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Reviewed by Michael McManus for Readers' Favorite
Four young people are going to camp this summer as counselors. Three of them are brand-new to the game. Cassie and Mark are a little more than friends, but they will be separated at the end of summer, because Mark is going away to school. They both want to have a “fling” this summer, in a place that is famous for people “hooking up” for the season, but they don’t want to have their “friendship” get in the way of their fun. They decide that the best way for them to have the freedom they desire is to pass themselves off as twins. No one at camp will know that they are connected romantically, so that should give them the freedom they think they need. Tessa is a little rich girl with high ideals and a definite chip on her shoulder. She immediately goes to war with her cabin-mate, Cassie, and leads a boy she just met, Tucker, on a chase for her heart that would confuse a chess-master. Tucker, the only one who has experience at the camp, having spent many summers there, spends a summer in total confusion, vying for Tessa’s heart and thinking there is no way to win it. Will these four young folks find what they are looking for in each other, or will they be forced to find romance and good times somewhere else?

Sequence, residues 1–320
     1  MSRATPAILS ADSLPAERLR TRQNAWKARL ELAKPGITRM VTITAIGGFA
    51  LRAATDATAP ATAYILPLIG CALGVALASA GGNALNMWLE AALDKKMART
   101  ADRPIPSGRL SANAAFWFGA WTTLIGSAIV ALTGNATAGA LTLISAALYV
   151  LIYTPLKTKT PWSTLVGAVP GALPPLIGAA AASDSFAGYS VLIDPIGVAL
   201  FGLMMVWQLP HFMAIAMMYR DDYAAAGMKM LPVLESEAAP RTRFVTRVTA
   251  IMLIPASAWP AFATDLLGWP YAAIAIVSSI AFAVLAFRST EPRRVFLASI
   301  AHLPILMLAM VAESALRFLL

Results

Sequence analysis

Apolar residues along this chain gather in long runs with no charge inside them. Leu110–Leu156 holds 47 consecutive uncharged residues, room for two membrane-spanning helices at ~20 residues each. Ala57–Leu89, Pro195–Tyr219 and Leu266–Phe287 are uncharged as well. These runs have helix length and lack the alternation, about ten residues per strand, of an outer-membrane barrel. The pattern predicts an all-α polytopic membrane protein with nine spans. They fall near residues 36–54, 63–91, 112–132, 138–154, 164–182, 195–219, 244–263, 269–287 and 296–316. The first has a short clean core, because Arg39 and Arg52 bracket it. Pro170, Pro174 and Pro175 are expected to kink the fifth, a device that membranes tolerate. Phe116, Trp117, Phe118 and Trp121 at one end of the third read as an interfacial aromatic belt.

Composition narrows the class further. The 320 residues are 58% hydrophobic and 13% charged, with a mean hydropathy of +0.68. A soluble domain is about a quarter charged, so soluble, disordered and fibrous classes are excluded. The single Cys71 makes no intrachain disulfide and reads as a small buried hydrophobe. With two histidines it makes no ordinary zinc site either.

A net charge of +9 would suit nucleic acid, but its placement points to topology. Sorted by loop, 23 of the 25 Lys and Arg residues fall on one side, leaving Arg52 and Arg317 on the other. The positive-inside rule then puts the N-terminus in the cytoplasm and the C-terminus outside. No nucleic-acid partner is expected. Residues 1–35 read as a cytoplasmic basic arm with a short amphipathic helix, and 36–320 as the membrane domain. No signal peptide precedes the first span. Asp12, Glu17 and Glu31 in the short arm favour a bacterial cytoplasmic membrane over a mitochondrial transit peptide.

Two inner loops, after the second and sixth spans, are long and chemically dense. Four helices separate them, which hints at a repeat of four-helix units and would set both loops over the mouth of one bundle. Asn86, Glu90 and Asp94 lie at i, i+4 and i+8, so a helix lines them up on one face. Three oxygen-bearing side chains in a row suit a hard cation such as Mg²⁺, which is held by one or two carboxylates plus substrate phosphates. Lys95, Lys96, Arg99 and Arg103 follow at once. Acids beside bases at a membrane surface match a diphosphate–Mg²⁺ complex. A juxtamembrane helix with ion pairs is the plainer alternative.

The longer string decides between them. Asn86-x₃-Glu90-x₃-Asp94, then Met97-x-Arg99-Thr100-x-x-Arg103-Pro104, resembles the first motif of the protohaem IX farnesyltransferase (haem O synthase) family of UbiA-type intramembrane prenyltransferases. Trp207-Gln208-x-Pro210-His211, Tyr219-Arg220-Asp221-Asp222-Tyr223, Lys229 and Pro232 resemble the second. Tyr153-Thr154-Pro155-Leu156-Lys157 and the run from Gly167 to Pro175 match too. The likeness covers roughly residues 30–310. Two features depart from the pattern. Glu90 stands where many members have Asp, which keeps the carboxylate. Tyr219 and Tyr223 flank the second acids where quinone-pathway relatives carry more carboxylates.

Ryan Ringbloom tells this story in a most unusual way, speaking to us in the first person from the perspectives of her four main characters. While this is a very difficult way to tell a story, it is most effective. We learn how the events unfold from each of their points of view, giving the characters the optimum avenue to express their thoughts. Wait is thoroughly entertaining and somewhat unpredictable. There are some adult situations, but since it is directed at a less mature readership, I can recommend it to young people who are coming of age. I don’t believe there is anything here that would shock a young adult audience.